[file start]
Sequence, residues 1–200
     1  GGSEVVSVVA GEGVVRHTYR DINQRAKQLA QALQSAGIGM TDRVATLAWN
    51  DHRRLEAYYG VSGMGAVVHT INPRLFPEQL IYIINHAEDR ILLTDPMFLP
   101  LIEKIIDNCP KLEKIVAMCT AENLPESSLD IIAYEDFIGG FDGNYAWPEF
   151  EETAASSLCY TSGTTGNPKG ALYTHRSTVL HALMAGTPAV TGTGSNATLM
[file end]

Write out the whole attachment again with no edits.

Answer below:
Sequence, residues 1–200
     1  GGSEVVSVVA GEGVVRHTYR DINQRAKQLA QALQSAGIGM TDRVATLAWN
    51  DHRRLEAYYG VSGMGAVVHT INPRLFPEQL IYIINHAEDR ILLTDPMFLP
   101  LIEKIIDNCP KLEKIVAMCT AENLPESSLD IIAYEDFIGG FDGNYAWPEF
   151  EETAASSLCY TSGTTGNPKG ALYTHRSTVL HALMAGTPAV TGTGSNATLM